Posts Tagged ‘red she-hulk’

SDCC09 Day Two: Reds, Whites & Blues

Saturday, July 25th, 2009


This is Red She-Hulk, because Marvel are not out of new ideas, no sirree. Sure, they’ve done the ‘female version of male character’ thing a lot lately, with the likes of Black Panther, Ultron, Hawkeye, and so on, and they’ve done the ‘evil version of good character’ thing even more, with Red Hulk, Daken, and the entire Dark Reign thing. But ‘evil female version of male good character’? That’s some crazy innovation right there!

I expect the creative process was exhausting, too. ‘Do we go with ‘Red She-Hulk’, or ‘She-Red Hulk’? Let’s have another writers’ retreat’.


Last night saw the announcement of this year’s Eisner award winners at Comic-Con, with deserving wins for Comic Book Resources, Matt Fraction’s Invincible Iron Man, Art Baltazar’s Tiny Titans, and Image’s Comic Book Tattoo. Grant Morrison’s All Star Superman won Best Continuing Series, despite not being a continuing series. Whoops. It is a terrific book, though; it’s just in the wrong category (or a badly named category, perhaps).

Get the full results at The Beat, courtesy of Heidi MacDonald.


The movie version of The Losers is apparently coming along nicely, as series artist Jock released a comic-art poster showing the names of the cast. What’s interesting is that the comic book cast was at least one-third ethnic - Pooch and Aisha. The movie cast has a black actor playing Roque. A Spanish actor is playing Cougar, so presumably he’s being played as  Hispanic. (My comments tell me he was in the comic as well. I don’t recall, but of course, we never saw his face.)

This is a particularly strong example of an odd trend in comics-to-movie (and TV) adaptations. Alicia Masters turned black in Fantastic Four. Kingpin turned black in Daredevil. Pete Ross turned black in Smallville. Iron Man opted for the black Nick Fury. Hollywood is not known for its embrace to diversity, but when it takes on a comic book story it actually has to add black characters. Existing ethnic and female characters also often get a profile boost. Comics are so bad at this stuff that even on a mature readers Vertigo title, Hollywood takes the medium to school. Hollywood. It’s like getting racial sensitivity seminars from Pat Buchanan.

Aside from the Eisners, the biggest news out of SDCC yesterday was that Marvel has acquired the rights to Miracleman, or rather, Marvelman. For years Marvel insisted that we call him Miracleman, now they suddenly want us to call him Marvelman again. So indecisive.


Marvelman was created in the 1950s by Mick Anglo, and famously reinvented by Alan Moore in the 80s. Fans are treating the acquisition of Marvelman as a big deal, but it’s really just the long-anticipated fulfilment of something set in motion years ago. The purpose of the Neil Gaiman Marvel comic 1602 was to raise money to sue Todd McFarlane for his unauthorised use of the character, and to clarify once and for all who actually held the rights. Even then it was clear that the eventual intent was for Marvel to take ownership and reprint the comics (though it sounds like Marvel does not yet have all the story rights).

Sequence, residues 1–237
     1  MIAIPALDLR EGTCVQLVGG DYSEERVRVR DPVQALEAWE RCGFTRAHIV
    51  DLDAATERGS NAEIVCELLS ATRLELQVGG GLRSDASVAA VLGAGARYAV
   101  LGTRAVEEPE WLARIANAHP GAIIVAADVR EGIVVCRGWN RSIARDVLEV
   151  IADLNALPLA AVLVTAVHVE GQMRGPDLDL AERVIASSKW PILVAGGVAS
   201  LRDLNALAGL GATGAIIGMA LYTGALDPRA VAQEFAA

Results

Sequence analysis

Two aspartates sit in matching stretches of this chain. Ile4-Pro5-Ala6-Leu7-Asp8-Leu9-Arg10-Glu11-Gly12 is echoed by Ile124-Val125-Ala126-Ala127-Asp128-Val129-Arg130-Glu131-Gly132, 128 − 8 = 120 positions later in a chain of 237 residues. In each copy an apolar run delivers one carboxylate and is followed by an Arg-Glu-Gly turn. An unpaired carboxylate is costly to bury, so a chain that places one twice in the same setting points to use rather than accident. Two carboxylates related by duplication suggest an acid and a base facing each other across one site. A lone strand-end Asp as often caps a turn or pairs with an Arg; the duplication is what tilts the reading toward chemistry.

The name reversion was also always part of the plan, but it may suggest a worrying development for fans of the character. It seems inevitable that Marvel will try to integrate the character with the Marvel universe, but Marvelman is basically a Superman analogue (by way of Captain Marvel), and as Sentry has proved, Superman analogues do not fit well in the feet-of-clay Marvel world. Squeezing Marvelman into a world of crossovers and Red She-Hulks will be like having characters from The Wire dropped into One Life To Live.

Showing the full extent of his sophisticated understanding of Marvelman, Marvel editor Joe Quesada said, “It is arguably the JD Salinger of comic book characters”. JD Salinger is an author, of course, and not a fictional character. Quesada may have been thinking of Charlie Salinger, Matthew Fox’s character from Party of Five.


An update on the Manchester Grand Hyatt boycott, which I wrote about earlier in the week. I don’t know if the comic industry has taken notice, but the folks at the Hyatt certainly have. Their marketing director stopped by my blog yesterday to say that Doug Manchester has recanted his position on gay marriage. “Mr. Manchester believes that every American is deserving of the opportunity to receive all of the benefits from civil marriage, gay or straight.”

That sounds good, but it’s only words. Nothing has changed. Mr Manchester spent $125,000 to help strip Californians of their rights. He’s now donating $25,000 to support giving them different rights, plus hotel credit to lure gay customers back to the hotel. That does not balance the books. If Mr Manchester truly believes that every American deserves equal rights, we need action, not words. Let’s see an equal or greater donation in support of gay marriage, from the same wallet that donated $125,000 to take those rights away.


I’ll leave you with a little palate cleanser; the trailer for Sam Raimi’s new swords-and-sandals TV show Spartacus: Blood and Sand, which debuts in January on Starz and sees Raimi re-teaming with Xena star Lucy Lawless. It looks gloriously violent and shamelessly sleazy - all thighs and biceps as far as the eye can see. While HBO’s Rome did everything on an expensive set, Spartacus is shot on cheap-and-cheerful green screen, 300-style. It will be terrible in all the best ways.

Sources: CBR, Newsarama, The Beat.